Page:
copilot and privacy

Copilot and Privacy – How Secure Is This AI?

Copilot and PrivacyAI is a productivity booster, workflow streamliner and time saver – at the same time as being a conduit for robots to steal all our data, take over the world, our jobs and our lives!

Or something like that. It’s hard to think of a new technology that has caused such an ‘angsty’ amount of fear across the world. We get it – it’s a fear of the unknown, an uncertainty about where it’s all heading. It’s good to be sceptical, and it’s also good to arm yourself with knowledge about any new tools you start to implement in your business, including AI.

One of the common worries businesses have with AI tools such as Microsoft Copilot and ChatGPT is privacy, with concerns raised over where prompt information goes to and what happens with any company data that’s accessed.

We’ve been getting a lot of use out of Copilot in the Smile IT office these days, so have put some research into how it uses company data, the privacy restrictions it has in place and what we should be doing to keep our data safe and secure.

Today, we’re going to share that with you, to help in your journey of getting your business AI ready. Let’s start with how Copilot works.

How Does Copilot Work?

If you use the Microsoft 365 stack in your business, you have access to the AI chatbot Copilot. It becomes your assistant in the space, there to answer your questions, guide you through processes and complete tasks for you. Copilot can write a document in Word, drum up emails in Outlook and create presentations in PowerPoint. It can summarise Teams meetings, bring you up to speed on a week of chats you missed out on, and make your morning cup of coffee for you. (Okay, maybe not the last one, but you get the picture!)

Copilot works by combining data from your available organisational information with data from Large Language Models (LLM’s) to generate answers to your prompts. Microsoft has a 49% stake in OpenAI, the company behind ChatGPT. So, the LLM used to build responses to your prompts is the latest GPT-4, although it’s provided by Azure OpenAI services and not the publicly available OpenAI LLM.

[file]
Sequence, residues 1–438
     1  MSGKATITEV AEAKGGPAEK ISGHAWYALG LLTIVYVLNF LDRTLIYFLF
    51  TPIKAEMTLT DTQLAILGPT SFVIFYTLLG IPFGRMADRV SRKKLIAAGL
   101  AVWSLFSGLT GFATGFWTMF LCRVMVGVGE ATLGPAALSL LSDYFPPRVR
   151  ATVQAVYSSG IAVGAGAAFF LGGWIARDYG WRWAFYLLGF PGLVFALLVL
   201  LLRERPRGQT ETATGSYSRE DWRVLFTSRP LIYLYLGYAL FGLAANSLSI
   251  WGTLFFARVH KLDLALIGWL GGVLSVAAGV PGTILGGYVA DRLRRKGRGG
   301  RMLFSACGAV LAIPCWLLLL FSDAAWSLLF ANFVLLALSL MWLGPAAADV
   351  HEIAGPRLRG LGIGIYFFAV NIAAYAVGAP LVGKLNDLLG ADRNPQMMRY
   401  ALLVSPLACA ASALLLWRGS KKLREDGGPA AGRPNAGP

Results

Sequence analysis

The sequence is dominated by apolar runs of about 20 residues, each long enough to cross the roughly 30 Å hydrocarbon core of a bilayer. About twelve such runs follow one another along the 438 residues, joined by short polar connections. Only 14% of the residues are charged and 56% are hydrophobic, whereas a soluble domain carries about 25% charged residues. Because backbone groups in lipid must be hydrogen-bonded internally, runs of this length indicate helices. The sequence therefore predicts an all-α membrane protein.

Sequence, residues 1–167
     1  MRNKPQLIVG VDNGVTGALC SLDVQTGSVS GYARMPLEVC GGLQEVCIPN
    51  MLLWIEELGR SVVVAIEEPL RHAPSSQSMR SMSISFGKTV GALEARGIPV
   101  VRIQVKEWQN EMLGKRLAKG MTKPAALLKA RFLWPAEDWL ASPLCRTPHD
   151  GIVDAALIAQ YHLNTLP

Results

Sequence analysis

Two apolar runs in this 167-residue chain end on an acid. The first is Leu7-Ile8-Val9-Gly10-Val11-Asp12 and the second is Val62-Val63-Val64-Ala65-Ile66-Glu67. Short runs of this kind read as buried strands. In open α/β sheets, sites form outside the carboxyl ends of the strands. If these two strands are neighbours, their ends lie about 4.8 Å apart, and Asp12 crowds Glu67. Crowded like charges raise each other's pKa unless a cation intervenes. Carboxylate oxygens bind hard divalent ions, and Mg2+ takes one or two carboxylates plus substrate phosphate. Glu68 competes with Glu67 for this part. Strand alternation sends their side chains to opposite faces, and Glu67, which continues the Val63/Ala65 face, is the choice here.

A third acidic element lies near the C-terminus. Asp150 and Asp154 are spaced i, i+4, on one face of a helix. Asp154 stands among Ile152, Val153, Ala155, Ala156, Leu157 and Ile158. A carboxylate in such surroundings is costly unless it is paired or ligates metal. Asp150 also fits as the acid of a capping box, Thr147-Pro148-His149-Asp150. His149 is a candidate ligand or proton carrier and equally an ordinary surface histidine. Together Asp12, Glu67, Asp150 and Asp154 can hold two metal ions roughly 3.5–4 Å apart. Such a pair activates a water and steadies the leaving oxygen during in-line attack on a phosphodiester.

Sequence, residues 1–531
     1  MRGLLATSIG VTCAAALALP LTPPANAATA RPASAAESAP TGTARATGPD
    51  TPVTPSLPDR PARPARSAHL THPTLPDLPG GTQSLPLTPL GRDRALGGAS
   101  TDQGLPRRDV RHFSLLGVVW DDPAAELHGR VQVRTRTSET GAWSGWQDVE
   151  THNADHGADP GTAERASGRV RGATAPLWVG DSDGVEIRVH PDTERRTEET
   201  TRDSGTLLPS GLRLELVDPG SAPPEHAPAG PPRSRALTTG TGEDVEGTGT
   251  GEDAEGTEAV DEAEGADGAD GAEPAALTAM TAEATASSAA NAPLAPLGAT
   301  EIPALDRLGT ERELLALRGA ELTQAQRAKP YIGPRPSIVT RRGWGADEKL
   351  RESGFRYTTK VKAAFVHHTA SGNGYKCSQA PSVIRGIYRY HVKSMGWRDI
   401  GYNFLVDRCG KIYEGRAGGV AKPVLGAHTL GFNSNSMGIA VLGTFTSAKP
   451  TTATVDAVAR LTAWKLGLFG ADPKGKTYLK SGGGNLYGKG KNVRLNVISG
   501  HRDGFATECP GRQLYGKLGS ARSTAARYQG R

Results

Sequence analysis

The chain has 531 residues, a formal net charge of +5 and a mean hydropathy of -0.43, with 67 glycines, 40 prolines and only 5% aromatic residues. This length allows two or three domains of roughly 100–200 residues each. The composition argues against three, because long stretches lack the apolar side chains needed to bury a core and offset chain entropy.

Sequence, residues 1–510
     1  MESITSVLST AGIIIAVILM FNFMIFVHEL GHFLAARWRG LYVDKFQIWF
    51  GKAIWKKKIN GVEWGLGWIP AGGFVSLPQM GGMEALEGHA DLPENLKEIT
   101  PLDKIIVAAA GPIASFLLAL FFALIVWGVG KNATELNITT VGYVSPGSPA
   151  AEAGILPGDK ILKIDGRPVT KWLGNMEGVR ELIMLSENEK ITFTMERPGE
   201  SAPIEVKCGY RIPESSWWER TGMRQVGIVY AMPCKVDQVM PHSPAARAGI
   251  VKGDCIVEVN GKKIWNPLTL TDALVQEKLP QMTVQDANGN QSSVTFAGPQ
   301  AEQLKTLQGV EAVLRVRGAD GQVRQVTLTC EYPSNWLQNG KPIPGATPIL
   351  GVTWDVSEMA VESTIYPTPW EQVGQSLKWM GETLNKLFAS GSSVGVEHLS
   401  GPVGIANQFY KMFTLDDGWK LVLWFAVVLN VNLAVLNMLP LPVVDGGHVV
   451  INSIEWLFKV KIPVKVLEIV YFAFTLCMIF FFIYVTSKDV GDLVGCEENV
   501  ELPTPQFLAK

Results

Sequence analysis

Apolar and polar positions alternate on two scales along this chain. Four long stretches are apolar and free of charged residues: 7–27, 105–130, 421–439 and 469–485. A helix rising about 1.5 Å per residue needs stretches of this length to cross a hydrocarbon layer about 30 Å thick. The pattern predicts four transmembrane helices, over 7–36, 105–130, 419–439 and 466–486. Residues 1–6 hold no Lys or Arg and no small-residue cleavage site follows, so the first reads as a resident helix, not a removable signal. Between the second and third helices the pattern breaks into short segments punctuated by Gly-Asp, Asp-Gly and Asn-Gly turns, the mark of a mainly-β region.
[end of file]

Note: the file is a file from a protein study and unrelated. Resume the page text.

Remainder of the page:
Most of the privacy concerns people have around Copilot take root in this combination of company data with LLM data. Let’s go over some of the core security and privacy practices Microsoft has in place to safeguard your business data.

Data Security and Privacy in Copilot

Microsoft has always shown a strong commitment to security, privacy and compliance across their entire platform, and their approach to AI is no different. Here are some of the answers to common questions you may have when it comes to Copilot and security.

Q: Is my Data Used to Train Third-Party Products Like ChatGPT?

A: For a start, they’re very clear that prompts and data accessed through Copilot aren’t used in any form of training for LLM models. It needs to access company information to provide rich and relevant responses to your queries, but that information stays within the tenant boundaries of your Microsoft 365, provided you have set your permissions correctly (more on that below). It’s not used to train or improve Microsoft AI or any other products.